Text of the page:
Now in my 17th year of living and working in Costa Rica, I’ve seen my share of US citizens trying their hand at living abroad with varying degrees of “success.” Some define success through personal growth and self-improvement. These people come in with all the gusto to learn the language and live like the locals. Others define successful immersion as trying to continue living (or to improve) the lifestyle they had in the US but for a cheaper price. Don’t be this person. Those who seek such luxuries for a cheaper price not only find frustration a daily state of being, they are missing a grand opportunity.

Learning a foreign language and immersing in a new culture made me whole in places where I didn’t even know I was broken.

Growing up in a small Midwestern town, I did my best to achieve and experience what was available. I took the advanced public school course load, loaded up on extracurriculars, saved up my restaurant tips to join the high school trip to France, and was awarded a full ride to an excellent university. But my values and lifestyle were never really challenged.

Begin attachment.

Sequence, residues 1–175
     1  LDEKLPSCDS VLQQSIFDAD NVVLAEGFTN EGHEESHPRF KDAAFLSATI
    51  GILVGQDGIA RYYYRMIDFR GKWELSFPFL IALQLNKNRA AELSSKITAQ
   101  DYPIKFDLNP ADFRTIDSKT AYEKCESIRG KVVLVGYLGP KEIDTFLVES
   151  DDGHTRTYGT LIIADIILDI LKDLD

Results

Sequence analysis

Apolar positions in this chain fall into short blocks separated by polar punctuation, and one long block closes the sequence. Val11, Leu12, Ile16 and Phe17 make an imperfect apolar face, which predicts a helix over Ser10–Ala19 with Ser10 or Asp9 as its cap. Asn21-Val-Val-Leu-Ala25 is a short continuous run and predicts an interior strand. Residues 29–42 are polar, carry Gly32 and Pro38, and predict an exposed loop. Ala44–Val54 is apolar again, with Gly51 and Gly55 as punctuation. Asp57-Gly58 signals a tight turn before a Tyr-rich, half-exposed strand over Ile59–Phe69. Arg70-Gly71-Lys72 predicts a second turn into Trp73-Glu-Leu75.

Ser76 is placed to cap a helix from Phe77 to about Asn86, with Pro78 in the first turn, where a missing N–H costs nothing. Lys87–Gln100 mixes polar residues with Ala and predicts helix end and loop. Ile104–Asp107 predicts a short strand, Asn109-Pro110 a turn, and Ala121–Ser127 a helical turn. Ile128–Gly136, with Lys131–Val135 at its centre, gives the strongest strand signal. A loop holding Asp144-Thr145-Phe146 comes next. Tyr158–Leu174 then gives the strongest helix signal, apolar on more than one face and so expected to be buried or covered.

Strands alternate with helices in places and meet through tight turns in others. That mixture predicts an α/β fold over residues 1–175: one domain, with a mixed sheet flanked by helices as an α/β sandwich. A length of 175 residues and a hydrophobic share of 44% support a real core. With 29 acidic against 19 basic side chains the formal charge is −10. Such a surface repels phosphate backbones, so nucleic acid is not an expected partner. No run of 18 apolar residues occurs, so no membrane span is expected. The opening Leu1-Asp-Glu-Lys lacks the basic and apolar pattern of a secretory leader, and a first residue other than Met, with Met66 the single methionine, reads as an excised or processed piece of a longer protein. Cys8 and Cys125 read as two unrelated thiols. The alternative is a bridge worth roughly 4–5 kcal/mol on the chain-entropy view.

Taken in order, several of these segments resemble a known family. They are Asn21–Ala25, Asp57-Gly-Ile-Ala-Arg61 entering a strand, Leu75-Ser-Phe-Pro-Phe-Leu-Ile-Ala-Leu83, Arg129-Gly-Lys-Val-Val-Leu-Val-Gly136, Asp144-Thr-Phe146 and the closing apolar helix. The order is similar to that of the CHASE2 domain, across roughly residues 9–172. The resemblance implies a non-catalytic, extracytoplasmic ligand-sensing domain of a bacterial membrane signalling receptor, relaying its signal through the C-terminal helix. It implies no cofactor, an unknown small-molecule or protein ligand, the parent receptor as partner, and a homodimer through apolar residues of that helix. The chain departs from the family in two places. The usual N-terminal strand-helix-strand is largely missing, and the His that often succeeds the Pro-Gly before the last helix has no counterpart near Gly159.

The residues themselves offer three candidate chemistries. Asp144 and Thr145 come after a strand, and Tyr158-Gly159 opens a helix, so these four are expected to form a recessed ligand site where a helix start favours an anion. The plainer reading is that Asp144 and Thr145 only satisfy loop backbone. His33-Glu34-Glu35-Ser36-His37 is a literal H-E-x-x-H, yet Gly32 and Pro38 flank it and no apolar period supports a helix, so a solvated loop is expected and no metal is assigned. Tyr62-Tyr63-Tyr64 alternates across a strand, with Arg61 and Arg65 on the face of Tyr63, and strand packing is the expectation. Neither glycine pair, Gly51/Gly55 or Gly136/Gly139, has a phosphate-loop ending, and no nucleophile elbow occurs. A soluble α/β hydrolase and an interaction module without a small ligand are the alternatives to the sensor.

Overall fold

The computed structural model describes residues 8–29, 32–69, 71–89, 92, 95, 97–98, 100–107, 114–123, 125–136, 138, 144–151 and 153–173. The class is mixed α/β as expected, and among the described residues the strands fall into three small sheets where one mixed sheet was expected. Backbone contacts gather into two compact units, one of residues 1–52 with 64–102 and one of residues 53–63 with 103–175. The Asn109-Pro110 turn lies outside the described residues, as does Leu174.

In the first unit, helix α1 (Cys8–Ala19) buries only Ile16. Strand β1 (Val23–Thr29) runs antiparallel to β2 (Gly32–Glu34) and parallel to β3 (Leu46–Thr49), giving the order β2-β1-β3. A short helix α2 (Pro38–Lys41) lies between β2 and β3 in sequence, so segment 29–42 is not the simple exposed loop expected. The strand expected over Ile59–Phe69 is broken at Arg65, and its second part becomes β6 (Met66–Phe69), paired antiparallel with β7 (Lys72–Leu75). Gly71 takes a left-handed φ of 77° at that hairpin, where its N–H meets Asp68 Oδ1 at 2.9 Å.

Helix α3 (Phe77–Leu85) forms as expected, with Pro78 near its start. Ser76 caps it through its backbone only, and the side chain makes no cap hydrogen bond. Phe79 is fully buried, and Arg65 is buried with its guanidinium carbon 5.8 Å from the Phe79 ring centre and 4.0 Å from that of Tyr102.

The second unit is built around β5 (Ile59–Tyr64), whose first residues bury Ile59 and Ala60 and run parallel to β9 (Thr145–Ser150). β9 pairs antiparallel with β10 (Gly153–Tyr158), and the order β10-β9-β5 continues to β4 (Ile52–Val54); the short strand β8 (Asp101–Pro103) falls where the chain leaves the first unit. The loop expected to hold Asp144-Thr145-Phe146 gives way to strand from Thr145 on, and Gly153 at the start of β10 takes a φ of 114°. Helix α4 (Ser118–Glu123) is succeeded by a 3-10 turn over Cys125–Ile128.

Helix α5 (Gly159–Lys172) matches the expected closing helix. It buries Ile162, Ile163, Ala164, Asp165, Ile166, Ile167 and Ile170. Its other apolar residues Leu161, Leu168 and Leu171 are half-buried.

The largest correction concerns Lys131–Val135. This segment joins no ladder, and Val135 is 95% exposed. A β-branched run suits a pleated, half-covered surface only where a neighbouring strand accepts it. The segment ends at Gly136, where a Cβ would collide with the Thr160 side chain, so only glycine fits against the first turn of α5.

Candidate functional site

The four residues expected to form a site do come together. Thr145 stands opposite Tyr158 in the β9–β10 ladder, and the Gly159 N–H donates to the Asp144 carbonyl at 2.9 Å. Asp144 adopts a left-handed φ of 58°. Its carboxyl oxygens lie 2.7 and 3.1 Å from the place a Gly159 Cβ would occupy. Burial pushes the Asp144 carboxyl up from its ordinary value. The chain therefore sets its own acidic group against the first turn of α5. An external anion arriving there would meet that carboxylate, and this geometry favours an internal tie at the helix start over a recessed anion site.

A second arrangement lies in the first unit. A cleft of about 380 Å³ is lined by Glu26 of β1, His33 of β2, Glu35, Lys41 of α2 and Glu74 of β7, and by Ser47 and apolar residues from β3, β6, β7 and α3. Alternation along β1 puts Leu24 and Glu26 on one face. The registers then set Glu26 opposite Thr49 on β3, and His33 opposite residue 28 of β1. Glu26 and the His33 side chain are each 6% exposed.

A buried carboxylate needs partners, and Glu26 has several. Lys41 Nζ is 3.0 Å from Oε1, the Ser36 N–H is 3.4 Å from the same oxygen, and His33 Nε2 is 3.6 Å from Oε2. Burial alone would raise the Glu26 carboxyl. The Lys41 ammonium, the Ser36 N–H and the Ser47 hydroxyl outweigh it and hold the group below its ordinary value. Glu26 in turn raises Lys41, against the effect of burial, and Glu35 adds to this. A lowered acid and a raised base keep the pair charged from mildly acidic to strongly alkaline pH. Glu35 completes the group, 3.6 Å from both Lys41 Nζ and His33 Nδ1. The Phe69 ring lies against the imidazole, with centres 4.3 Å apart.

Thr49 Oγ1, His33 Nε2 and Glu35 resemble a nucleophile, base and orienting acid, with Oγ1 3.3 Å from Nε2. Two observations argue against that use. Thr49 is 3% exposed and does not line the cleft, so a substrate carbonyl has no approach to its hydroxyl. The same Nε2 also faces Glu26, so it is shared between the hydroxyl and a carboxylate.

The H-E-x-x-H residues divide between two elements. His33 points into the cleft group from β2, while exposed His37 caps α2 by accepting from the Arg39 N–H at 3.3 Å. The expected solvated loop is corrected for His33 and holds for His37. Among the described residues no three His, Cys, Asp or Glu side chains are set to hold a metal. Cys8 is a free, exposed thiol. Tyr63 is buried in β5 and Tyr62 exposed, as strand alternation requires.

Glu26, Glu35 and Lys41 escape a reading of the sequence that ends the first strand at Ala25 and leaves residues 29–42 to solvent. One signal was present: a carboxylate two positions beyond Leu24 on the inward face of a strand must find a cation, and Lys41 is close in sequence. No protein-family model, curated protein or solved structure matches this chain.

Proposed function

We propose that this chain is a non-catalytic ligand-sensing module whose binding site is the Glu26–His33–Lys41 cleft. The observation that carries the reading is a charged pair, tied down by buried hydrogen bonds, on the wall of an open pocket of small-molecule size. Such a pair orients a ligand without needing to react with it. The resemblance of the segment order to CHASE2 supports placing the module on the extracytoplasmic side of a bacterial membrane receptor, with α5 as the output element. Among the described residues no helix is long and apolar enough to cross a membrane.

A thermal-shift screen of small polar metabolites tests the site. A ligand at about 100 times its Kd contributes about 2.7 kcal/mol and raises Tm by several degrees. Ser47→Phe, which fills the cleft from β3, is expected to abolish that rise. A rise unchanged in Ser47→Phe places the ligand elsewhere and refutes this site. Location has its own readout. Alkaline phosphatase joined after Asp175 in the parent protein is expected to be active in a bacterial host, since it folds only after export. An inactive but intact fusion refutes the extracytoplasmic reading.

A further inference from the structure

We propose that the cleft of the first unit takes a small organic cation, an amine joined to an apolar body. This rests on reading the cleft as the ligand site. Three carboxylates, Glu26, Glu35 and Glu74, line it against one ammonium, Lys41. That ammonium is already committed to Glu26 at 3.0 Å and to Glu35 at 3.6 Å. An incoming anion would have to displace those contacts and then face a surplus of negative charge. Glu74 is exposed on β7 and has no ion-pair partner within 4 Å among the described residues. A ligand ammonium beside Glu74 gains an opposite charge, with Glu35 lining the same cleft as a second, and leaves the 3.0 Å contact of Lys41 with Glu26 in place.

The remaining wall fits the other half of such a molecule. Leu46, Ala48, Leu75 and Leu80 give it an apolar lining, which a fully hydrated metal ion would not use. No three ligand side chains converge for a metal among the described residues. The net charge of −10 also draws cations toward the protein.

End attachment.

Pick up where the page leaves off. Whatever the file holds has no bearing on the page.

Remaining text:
Yes, college certainly challenged me since I was a bit out of place amongst students who had mostly gone to private Catholic high schools, joined sororities and fraternities, and didn’t seem to have any need to work the after-school jobs I had to work. A graduate school research practicum placed me in a public high school where I experienced how it felt to be a “minority” for the first time. But none of these experiences resulted in me being fully immersed at all times in a place where there was no one else like me. Therefore, I just kept being me.